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The Warsaw Voice » Real Estate » November 12, 2008
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Planning is Everything
November 12, 2008   
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Tadeusz Blecha, Operations Director at Bovis Lend Lease Poland (Project/Construction Management Services), talks to Beata Gołębiewska

Based on your experience in coordinating a variety of construction projects, what do you consider the biggest challenge in completing projects on budget and on time?
There are number of challenges that occur during the construction process that make it difficult to complete projects on time and on budget, especially in the case of large, complex projects. It is common that the problems with the schedule and budget occur when the project isn't sufficiently prepared in advance. My experience proves that it's crucial to work extremely hard in the pre-construction phase by establishing the investor's requirements and expectations and then steering the project in the right direction. If the preconstruction phase isn't adequately managed, and the whole project team have not fully understood the final goals for the project, the construction phase becomes an improvisation process. That's why I think that the lack of proper planning and a clear design brief from the investor are the biggest obstacles in completing project on time and on budget.

The worst-case scenario occurs in a situation when the investor asks a designer to prepare a design without a clear and precise client's brief. The brief must address the parameters and the detailed requirements of the client, including cost, schedule, quality and safety. I would call coordination of all those aspects the biggest challenge of the construction process. Not doing it at the beginning of the project results in delays in the construction process.

Detailed client's requirements and specification are the keys to success.

Have you seen a change in how construction projects are carried out now compared to 15 years ago, when you started your career?
It has definitely improved, especially in the area of safety, where "off the shelf" systems can be used effectively to provide a safer site and constantly speed up the production levels. I have noticed gradual but progressive improvement. In addition, it is easy to notice the improvement in the commercial awareness of subcontractors, they are more and more attentive of the economic situation and financial expectations. At Bovis, the situation has definitely changed, with management skills raised to a much higher level, even though there is still room for improvement.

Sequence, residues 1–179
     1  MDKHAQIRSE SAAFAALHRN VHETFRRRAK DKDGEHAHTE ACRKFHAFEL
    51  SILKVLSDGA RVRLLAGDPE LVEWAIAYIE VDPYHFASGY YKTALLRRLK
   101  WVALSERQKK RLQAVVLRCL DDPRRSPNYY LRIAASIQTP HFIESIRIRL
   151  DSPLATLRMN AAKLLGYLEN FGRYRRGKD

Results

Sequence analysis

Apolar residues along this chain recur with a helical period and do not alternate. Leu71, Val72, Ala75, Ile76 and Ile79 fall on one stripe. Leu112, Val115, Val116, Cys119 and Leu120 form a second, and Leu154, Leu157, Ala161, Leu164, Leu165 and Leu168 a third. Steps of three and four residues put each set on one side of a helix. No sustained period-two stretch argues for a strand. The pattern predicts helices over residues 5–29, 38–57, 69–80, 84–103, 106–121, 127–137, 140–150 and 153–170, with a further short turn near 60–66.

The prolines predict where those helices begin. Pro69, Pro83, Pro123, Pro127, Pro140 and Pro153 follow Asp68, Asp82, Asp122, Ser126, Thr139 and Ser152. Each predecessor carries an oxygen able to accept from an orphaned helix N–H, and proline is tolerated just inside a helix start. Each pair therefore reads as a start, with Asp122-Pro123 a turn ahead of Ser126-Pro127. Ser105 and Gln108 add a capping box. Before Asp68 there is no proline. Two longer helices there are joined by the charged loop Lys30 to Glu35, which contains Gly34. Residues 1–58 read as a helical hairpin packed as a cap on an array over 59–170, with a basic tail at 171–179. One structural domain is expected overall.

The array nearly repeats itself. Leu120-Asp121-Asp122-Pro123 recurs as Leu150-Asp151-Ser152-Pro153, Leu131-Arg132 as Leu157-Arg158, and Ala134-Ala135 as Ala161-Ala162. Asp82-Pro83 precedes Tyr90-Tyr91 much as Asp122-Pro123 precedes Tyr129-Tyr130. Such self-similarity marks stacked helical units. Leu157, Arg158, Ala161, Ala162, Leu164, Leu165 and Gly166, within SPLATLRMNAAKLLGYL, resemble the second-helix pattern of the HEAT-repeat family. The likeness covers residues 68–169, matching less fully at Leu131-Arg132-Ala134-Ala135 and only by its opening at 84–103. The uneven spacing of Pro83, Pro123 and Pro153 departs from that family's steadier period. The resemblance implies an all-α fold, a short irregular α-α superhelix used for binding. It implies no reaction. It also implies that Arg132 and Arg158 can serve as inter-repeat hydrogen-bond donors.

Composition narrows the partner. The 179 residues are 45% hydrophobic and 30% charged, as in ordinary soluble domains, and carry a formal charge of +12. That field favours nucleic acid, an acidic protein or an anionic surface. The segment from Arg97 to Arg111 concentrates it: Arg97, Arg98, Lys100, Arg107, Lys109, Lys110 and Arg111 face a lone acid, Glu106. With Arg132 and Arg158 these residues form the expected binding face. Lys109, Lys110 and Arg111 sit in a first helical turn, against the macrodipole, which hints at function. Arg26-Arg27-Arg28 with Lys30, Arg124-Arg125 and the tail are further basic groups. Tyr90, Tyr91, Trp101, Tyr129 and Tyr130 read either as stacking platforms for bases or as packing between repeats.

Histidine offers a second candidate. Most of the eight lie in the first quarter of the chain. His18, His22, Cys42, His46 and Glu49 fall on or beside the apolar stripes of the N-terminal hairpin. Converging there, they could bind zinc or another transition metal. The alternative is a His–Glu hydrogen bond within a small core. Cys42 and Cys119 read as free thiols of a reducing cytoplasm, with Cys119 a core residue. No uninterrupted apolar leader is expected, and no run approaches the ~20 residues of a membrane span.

Does the lack of qualified staff caused by the emigration affect the construction process? How do you handle that problem at Bovis Lend Lease?
Surprisingly, in the last couple of weeks, we have noticed the opposite situation. Because of the economic slowdown in western Europe, a lot of Polish employees are returning home and I am afraid that soon they might face a problem with finding a job. Well qualified staff will always find a place on the job market, with truly professional planners and commercial managers in high demand. Bovis Lend Lease has organized comprehensive training sessions for young, ambitious people who will in the future fill these positions for our projects.

Which sector - retail, industrial, commercial - is the most difficult to coordinate. Personally, which project was the most difficult for you and why?
The sector doesn't really matter. We are equally experienced and ready to manage all of them. The most difficult project to coordinate is one where Bovis was not involved early enough. Improper preparation of the project, carrying on with it and then hiring the management company - that is the most difficult project to coordinate, where key decisions have been made without the involvement of Project/Construction Managers.

What do you consider the most important lesson learned with regards to handling complex projects?
I think that all projects are difficult but the ones that give the most pleasure are the ones that turn out the way they were planned in great detail in the pre-construction phase. The key lessons I have learned during my career is the importance of adequate planning of all CM aspects (procurement strategy, scheduling, cost, quality, commissioning) and implementing adequate change control. If this is missing, many mistakes and time extensions can result, but I am happy that at Bovis we know how to prevent this.
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